In 2011, Ratchanok Intanon created history by becoming the first shuttler – female or male – to win three BWF World Junior Championship titles. The Thai was only 14 when she won the first of those titles in 2009. Two years after winning her third world junior title, Intanon went on to win the biggie – the BWF World Championships, in 2013.

In 2019, another Thai shuttler could repeat her feat on the junior circuit. Hailing from the same Banthongyord Badminton School in Thailand where Intanon picked up the sport, Kunlavut Vitidsarn has won the BWF World Junior Championship in 2017 and 2018. Before him, no other Thai had won the world junior men’s singles title.

Still only 17 years old, View, as he is called by those close to him, has set his sights on a hat-trick of world junior titles to emulate his country’s most popular shuttler.

“I feel very happy to have defended my world junior title,” said Kunlavut, who is in Mumbai competing in the Tata Open India International Challenge. The 17-year-old has reached the semi-finals of the ongoing senior tournament.

“I lost in the round of 32 [of the world juniors] in 2016 and then won the title in 2017 and 2018. I can play next year again for the last time. I want to win it for the third time. It will be hard but I will try.”

It is incredible to think that Kunlavut would probably not even have taken up the sport he is so successful in, had it not been for a nasal allergy he had as a child. Before he started spending most of his time on badminton courts, Kunlavut used to frequent hospitals a lot as a kid.

“I had an allergy,” he said. “If the weather was cold, like for example in an air-conditioned environment, and I stepped out into warm weather, my nose could not handle it. I used to go to hospital once or twice a week.”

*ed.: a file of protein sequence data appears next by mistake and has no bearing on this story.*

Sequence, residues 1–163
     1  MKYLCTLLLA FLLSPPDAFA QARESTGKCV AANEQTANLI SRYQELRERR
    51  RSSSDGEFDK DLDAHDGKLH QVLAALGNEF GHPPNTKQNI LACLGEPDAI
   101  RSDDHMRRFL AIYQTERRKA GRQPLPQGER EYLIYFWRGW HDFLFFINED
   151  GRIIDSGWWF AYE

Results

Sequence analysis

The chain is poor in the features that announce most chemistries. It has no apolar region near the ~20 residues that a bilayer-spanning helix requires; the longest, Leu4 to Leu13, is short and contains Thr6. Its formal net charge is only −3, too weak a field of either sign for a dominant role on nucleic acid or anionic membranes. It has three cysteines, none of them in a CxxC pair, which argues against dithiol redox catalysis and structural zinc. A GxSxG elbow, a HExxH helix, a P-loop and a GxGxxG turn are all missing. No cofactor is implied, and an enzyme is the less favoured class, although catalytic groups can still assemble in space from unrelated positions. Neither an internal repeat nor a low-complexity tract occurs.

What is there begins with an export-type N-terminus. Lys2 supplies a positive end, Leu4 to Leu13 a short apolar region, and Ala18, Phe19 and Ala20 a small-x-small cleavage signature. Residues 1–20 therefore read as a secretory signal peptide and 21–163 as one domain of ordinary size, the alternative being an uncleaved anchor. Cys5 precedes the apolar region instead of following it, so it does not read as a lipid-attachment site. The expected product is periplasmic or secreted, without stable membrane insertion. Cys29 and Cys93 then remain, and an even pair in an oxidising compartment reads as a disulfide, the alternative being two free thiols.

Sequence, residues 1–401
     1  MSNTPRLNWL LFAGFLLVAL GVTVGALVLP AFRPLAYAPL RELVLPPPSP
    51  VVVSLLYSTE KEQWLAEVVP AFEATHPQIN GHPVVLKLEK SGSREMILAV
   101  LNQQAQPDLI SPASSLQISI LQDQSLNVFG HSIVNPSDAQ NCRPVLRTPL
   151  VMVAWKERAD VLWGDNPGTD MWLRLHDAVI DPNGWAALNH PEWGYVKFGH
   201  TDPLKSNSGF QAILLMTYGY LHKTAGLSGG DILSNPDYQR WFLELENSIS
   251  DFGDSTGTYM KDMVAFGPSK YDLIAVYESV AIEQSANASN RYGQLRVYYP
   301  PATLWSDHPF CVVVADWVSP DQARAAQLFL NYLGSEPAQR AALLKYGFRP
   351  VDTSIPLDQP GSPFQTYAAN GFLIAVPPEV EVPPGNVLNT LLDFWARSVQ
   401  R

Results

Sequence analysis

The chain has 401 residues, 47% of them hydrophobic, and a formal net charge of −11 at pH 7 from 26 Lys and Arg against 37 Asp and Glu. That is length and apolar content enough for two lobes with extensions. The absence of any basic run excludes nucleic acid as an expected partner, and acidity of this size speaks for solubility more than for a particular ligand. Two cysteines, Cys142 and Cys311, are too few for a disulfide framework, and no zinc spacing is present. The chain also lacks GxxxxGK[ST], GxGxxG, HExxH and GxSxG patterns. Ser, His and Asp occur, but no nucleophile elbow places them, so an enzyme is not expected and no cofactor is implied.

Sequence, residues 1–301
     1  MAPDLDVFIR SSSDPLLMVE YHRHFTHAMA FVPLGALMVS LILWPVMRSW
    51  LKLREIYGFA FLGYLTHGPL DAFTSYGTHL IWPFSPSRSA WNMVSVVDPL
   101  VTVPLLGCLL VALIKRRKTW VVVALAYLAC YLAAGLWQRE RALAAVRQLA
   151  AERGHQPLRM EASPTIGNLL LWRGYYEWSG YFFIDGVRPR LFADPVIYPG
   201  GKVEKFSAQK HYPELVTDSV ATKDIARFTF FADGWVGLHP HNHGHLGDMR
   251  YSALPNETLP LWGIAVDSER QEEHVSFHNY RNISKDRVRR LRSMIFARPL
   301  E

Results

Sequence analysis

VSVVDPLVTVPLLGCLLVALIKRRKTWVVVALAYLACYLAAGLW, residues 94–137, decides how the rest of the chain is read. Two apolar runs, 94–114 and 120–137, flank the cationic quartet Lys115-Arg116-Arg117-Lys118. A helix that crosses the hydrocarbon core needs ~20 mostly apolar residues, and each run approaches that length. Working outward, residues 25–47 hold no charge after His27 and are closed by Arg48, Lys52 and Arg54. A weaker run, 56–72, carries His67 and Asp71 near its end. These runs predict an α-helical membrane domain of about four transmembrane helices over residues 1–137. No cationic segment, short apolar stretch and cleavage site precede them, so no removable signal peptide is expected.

At the age of seven, Kunlavut’s father, who is a badminton coach, introduced him to the sport. And it worked wonders with his medical condition. “As I started playing more, the number of hospital trips reduced,” he said. “I soon started enjoying the sport and here I am.”

Kunlavut enrolled in the Banthongyord Badminton School at the age of 12, after watching Intanon win the world championship in 2013. Today, he is one of the most feared and successful shuttlers on the world junior circuit, along with India’s Lakshya Sen.


However, like Intanon, Kunlavut now wants to graduate to winning titles on the senior circuit. “Next year I will play in seniors mostly,” he said. “I might play two or three junior tournaments but it will mostly be seniors. I am playing the Thailand Masters in January. I haven’t decided what tournaments to play after that.”

Currently ranked 211th in the world in seniors, Kunlavut wants to improve that number so that he can start playing in higher-level senior tournaments. “My aim for next year is to play tournaments higher than Super 100-level,” he said. “I would like to play at Superseries level [Super 500 and above under the new ranking system] in the near future.”

Kunlavut faces his compatriot, Adulrach Namkul, who is four years senior to him, in the semi-finals of the Tata Open on Saturday.

If he wins that match, he could face a familiar foe on the junior circuit, India’s Lakshya Sen, in the final. Kunlavut had lost to Sen in the final of the Asian junior championship earlier this year, but avenged that defeat by beating the Indian in the semi-finals of the world juniors. Sen will take on another Thai, Kantawat Leelavechabutr, in the other men’s singles semi-final of the Tata Open.

Kunlavut considers Sen and Japan’s Kodai Naraoka, the losing finalist of the world juniors, as his two main competitors in the junior circuit.

Kunlavut grew up idolising Malaysian badminton legend Lee Chong Wei, but when asked which shuttler he would like to face in the senior circuit, pat came the reply: “Kento Momota. I want to beat him.”

(Clarification: The article originally said Kunlavut won the Junior Worlds in 2016 and 2017, that has now been corrected to 2017 and 2018.)